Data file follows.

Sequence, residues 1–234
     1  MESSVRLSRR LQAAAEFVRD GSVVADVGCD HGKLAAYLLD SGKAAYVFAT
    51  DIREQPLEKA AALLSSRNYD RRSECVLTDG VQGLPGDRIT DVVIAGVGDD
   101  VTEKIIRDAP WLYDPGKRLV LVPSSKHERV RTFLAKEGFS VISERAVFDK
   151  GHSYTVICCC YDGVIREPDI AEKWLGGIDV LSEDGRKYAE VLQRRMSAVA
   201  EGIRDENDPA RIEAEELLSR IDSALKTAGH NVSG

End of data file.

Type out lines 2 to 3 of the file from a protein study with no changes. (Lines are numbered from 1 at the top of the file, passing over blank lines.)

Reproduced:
     1  MESSVRLSRR LQAAAEFVRD GSVVADVGCD HGKLAAYLLD SGKAAYVFAT
    51  DIREQPLEKA AALLSSRNYD RRSECVLTDG VQGLPGDRIT DVVIAGVGDD